I was a huge Soupy Sales
fan in the 60's, in fact I was one of the "gang" that used to go to his shows at WNEW in Manhattan between
I first started watching his LA show (with Clyde Adler as the other characters) and of course was caught up in the "hoopla" regarding his move to WNEW in New York.
There was an article in the Herald Tribune Sunday magazine in January of 1965, covering the Soupy phenomenon in New York and his suspension for his famous "little green pieces of paper" joke. The article also described fans getting in to the live broadcasts and press conferences for student journalists. I attended one of these as 'photographer' for my friend who actually wrote for our school paper. Here's my picture of Soupy from that conference, afterwards, while he was signing autographs. Gene Hoey, a production assistant, is on the left.
That day I
found out about getting in to the actual broadcasts and tapings (for
the weekend show). You had to show up on time and behave yourself. The
process was controlled by Soupy's assistant, Donna Duckwall, a pretty
but overworked young woman. She had to put up with all of us fans and
select who got in and who stayed outside. There were two ways to
see the show: from a booth on the floor above the studio (about 40 kids
were usually crammed in there) and, most coveted, from a few rows of
folding chairs at the back of the studio floor itself. The show
was always outrageous and it was even more fun to be there.
The best part was waiting for Soupy and Frank Nastasi after the show and getting autographs, photos and chatting for a while. Both men were gracious and friendly with the gang and both were as funny off air as on. Here's a shot of the two of them.
As time went on I got into the show more and more frequently. Usually I went with my friend Abe Silverberg, who, with his Kodak Instamatic, took most of these photos. Sometimes I'd bring another friend to the show and they always had a great time and were suitably impressed. On one occasion, after I had started college, I brought a couple of attractive classmates of mine, Adrian and Judy, and was fortunate enough to get on the studio floor that day. Soupy noticed me there before the show started and came over to say hello. I introduced him to the girls and he shook both their hands saying to one, "Cold hands, warm heart".. I think he may have done that to help me score some points with them, so to speak. It worked.
On another occasion, I brought Soupy an 8x10 of Buck Jones who was his favorite cowboy star when he was young. He liked it so much that I got to sit in the studio that day, and Soupy showed the photo on the show and mentioned my name.
Buck Jones in a photo similar to the one I gave Soupy
The first of many pictures with Soupy and Frank (l to r - Abe Silverberg, me, Soupy and Frank) 1965
Soupy and me 1966
Frank Nastasi and me, 1965
There were some real characters both in the crew on Soupy's show and among the gang that attended. One of the gang, an aspiring cartoonist named Larry Lee created a mimeographed comic book about the fans at the show, which to us was hilarious. It was filled with 'in-jokes' and great caricatures. Here's how Abe and I were portrayed -
During the summer of '66 the cast and crew had a softball team that played on Sundays in Central Park, and the fans would show up for the game. When we heard about this Abe suggested putting a team together and playing them, which is what we did. A number of teens from the Rockaways practised the weekend before and played them the following week. Soupy didn't show up for that game but Frank played third base and the rest of the crew was there. I played in the outfield and recall hitting a double. We all had great fun that day. Unfortunately, I can't recall who won.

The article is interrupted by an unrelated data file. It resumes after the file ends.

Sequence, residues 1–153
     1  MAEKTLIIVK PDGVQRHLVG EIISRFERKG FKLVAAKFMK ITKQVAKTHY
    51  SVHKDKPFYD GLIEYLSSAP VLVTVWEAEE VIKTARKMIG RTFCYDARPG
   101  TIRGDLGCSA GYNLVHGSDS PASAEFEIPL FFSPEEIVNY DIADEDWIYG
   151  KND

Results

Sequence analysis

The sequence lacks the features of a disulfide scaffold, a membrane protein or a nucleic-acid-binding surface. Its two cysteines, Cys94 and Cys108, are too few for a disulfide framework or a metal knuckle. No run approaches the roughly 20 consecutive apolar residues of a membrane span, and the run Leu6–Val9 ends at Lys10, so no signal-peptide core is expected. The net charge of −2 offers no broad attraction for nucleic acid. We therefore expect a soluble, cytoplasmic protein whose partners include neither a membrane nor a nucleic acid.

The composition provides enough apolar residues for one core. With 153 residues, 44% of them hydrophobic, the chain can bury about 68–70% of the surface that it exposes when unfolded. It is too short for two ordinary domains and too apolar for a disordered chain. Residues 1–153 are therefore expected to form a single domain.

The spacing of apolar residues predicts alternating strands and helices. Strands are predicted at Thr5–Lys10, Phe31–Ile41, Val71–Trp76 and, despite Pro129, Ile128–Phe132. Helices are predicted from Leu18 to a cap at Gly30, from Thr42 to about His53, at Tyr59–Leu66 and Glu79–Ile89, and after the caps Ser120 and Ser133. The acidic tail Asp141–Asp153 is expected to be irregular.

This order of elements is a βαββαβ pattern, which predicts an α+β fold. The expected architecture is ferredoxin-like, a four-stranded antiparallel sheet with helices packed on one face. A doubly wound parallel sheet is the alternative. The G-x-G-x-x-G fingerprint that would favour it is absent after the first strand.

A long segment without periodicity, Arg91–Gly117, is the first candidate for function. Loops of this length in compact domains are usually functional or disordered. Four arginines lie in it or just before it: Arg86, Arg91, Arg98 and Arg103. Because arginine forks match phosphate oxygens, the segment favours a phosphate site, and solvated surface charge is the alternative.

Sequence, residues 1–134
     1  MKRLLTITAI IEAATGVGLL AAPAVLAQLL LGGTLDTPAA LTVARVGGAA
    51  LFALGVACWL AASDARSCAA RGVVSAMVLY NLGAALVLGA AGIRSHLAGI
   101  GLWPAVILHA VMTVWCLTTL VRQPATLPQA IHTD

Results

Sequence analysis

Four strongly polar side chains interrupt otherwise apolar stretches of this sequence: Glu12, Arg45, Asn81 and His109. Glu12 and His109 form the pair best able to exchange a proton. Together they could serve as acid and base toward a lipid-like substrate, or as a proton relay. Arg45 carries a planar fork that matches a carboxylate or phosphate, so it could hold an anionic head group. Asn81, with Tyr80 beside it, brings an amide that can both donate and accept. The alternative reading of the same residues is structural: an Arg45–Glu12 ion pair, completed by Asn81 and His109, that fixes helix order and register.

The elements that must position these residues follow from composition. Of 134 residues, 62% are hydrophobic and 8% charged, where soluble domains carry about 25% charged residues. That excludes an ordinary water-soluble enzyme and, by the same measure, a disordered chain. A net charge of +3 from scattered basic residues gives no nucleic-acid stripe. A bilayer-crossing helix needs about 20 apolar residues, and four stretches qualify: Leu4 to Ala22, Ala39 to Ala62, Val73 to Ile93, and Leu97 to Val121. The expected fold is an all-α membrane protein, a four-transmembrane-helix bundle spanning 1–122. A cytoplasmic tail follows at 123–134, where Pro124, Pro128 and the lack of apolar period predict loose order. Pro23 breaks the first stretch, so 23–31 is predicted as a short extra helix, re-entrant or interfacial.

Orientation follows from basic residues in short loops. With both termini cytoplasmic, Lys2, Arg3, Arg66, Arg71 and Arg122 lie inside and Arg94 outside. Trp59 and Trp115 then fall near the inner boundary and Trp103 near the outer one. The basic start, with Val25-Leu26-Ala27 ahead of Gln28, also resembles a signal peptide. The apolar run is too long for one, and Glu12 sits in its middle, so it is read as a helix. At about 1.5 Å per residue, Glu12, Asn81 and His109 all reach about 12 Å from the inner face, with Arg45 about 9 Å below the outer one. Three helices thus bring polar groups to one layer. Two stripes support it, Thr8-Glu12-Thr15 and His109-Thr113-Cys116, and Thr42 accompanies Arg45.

I got to know Frank pretty well after that, visiting him at home once or twice, and he honored me by giving me a few scripts from past shows.
A publicity photo signed for me by Frank
The first page of a Soupy Sales Show script
I remember the time that Soupy was suspended for that New Years Day joke he made about the "little green pieces of paper with the pictures of the presidents". I was part of the protesters who showed up to voice their displeasure at the move, and I think the message was heard, because Soupy was reinstated after ten days.
In 1966 Soupy and Frank went off to Miami to shoot "Birds Do It", Soupy's only starring feature. They were gone for a number of weeks, as I recall and Frank sent me a postcard from the Diplomat Hotel, which I wish I still had.
A lobby card for Soupy's 1966 film, Birds Do It
Being one of the "gang" also afforded us opportunities to meet other stars, such as Chuck McCann (who also had a kid's show at WNEW, and who introduced many of us to Laurel and Hardy), and some of the celebrity guests on Soupy's show.
Soupy also did a TV special during that time which was shot at a studio in Brooklyn that used to be the site of the Vitagraph Studios during the silent days. A number of us got tickets to the taping, and discovered that Sammy Davis, Jr. was also taping a show there that night. After the taping I met Sammy and Frank Gorshin in the lobby and outside the studio.
We were all devastated to learn of the cancellation of "The Soupy Sales Show" in 1966. I recall going to the final taping at the studio, after which many of the female fans were in tears. However, we were happy to hear that Soupy would soon be starring in a Broadway comedy, "Come Live With Me" . Some of us bought tickets, and as you can see by the program below I attended in January of 1967. It was a funny show and Soupy and the other cast members were good, but it wasn't the same seeing Soupy perform so called "straight comedy.
So those are some of my memories of that great time in my life, when Soupy was the hottest thing on N.Y. television and I was "one of the gang".